Understanding good design through StepNPull and the Design of Everyday Things
In DSGN 1, “Design of Everyday Things” at UCSD, one of the assignments was to identify examples of good design in everyday interactions. The StepNPull door opener as an example of good design — it allows one to open doors with their shoe instead of their hand, has a simple learning curve, and can often be found directly below some door handles.
I reached out to the founder of StepNPull, Mike to ask him some questions about his design decisions and more about the StepNPull device. He shared some awesome background and was really supportive of the assignment!
Design iterations and testing
The StepNPull device is a metal plate that connects to the bottom of a door directly below the handle via three countersunk screws that are flush with the mounting plate.
It’s made with aluminum — the company tumbles the aluminum and then runs it through a CNC machine which smooths it out. The edges are made of “extruded aluminum” rather than “bent metal” which is structurally more sturdy, allowing for it to last 15+ years. However, through testing, StepNPull found that bare aluminum rusts after a few years had a less consistent finish. Newer models are powder coated or sometimes anodized (different types of cure) to prevent corrosion and last longer.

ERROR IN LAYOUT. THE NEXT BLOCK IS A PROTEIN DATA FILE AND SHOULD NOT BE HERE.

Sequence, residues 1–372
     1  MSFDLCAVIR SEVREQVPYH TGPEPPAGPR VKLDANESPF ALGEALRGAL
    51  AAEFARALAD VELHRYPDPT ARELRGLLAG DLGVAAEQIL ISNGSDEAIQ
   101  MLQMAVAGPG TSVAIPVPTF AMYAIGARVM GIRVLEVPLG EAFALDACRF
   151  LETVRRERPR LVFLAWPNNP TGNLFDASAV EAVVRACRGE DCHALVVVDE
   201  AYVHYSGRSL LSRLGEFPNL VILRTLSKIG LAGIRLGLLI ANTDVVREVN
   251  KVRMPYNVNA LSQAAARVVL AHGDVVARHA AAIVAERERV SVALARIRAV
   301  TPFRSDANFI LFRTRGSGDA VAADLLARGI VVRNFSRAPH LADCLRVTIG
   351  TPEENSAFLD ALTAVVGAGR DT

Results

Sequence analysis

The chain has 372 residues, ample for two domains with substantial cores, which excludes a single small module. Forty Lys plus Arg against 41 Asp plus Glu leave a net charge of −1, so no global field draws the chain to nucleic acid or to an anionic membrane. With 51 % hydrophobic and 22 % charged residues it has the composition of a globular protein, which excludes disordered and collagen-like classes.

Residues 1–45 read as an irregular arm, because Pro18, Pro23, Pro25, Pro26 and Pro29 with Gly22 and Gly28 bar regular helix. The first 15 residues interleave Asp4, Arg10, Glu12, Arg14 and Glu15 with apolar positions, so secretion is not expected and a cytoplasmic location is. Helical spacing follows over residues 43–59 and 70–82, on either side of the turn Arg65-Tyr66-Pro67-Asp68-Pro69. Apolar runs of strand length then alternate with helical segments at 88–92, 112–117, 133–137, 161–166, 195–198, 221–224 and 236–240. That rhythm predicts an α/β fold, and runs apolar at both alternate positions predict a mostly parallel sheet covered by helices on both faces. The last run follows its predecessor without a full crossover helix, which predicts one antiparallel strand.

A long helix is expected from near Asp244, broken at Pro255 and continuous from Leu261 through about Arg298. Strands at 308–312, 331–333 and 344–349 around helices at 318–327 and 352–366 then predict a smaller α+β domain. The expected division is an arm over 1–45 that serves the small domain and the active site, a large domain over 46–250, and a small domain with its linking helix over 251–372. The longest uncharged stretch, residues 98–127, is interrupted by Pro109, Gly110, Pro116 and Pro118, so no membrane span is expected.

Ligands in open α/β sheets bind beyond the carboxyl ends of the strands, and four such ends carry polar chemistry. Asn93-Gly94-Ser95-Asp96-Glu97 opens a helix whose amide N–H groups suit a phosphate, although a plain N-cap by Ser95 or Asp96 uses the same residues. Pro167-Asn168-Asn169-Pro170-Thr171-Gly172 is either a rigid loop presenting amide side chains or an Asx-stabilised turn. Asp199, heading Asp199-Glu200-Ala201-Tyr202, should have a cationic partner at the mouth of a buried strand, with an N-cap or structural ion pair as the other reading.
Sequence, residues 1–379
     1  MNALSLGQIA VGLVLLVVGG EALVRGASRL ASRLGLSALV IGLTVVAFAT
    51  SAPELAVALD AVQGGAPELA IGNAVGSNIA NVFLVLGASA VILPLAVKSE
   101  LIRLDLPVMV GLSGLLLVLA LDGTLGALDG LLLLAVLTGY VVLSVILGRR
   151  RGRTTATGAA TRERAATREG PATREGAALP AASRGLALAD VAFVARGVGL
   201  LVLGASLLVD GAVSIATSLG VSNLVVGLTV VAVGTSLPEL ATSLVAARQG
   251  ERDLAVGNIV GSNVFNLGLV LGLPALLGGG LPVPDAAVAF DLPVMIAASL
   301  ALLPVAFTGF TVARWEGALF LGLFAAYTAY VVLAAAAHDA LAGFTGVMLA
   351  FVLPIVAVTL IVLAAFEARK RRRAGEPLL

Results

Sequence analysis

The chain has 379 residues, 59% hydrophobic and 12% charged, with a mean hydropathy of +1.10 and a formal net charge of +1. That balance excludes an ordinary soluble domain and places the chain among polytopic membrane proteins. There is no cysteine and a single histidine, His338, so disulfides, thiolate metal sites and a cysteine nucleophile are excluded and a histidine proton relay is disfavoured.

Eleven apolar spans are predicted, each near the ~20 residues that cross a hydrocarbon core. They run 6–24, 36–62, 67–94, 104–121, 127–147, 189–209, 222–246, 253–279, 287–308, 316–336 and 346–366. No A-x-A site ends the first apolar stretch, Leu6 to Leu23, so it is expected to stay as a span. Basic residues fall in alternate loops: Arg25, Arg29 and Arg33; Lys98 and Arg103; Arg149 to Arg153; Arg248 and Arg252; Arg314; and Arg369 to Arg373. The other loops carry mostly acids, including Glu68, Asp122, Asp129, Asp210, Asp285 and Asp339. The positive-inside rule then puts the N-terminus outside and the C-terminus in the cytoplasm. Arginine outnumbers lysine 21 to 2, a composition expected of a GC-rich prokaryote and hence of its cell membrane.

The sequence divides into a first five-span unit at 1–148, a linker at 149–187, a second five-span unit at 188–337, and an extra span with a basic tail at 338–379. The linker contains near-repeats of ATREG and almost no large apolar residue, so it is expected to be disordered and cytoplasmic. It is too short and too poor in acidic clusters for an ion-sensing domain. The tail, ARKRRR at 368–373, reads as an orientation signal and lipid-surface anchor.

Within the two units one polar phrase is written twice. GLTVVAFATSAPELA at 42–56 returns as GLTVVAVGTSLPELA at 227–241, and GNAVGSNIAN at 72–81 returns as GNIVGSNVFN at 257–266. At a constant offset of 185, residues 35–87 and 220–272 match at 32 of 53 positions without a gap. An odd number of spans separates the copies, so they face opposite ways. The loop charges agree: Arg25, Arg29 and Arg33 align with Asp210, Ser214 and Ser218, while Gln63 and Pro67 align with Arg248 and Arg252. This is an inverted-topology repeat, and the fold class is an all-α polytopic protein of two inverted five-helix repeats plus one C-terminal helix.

We also asked about the design process. The initial prototype was a c-channel plate. They later experimented with teeth to see if that would add better grip to reduce slipping. The teeth worked but they also tried scallops. They ended up with a groove-like surface which was
“aesthetically pleasing, still works, but not threatening.”
StepNPull is instructed to be installed as low as possible on the door so when stepped on or used, the person does not lose balance by having to bring the foot up any higher than the walking level. There are grooves on the top of the outer lip of the extruded plate to allow for a better shoe grip.
Principles of good design
In DSGN 1, I learned “good design” includes:
- easily discoverable signifiers of what affordances are possible
- mental models that align with previous experiences of a user’s interactions with shapes, goals, or cultural aspects of designs and designer’s conceptual model matches successfully with user
- signifiers shown to users user so they can understand whether their assumptions or actions about how a certain design works is correct
- gulfs of execution that align very well with gulf of evaluation
A good design allows a user to try to figure out how something is supposed to work through their intuition, but ultimately affirm to the user that their assumption of the design was correct by having the physical system signify that whatever the action was worked.
Affordances are the relationship between the physical object and capabilities of the person that determines what actions are possible.
The StepNPull device affords a person to open a door with their foot by stepping on the scallops of the device or hooking the edge of their feet or toes to the bend of the device. The grooves also afford a person’s shoe to better grip the device. Affordances on certain alterations of the StepNPull device like rubber stops afford the device to be a gentle doorstop than the door slamming into the wall.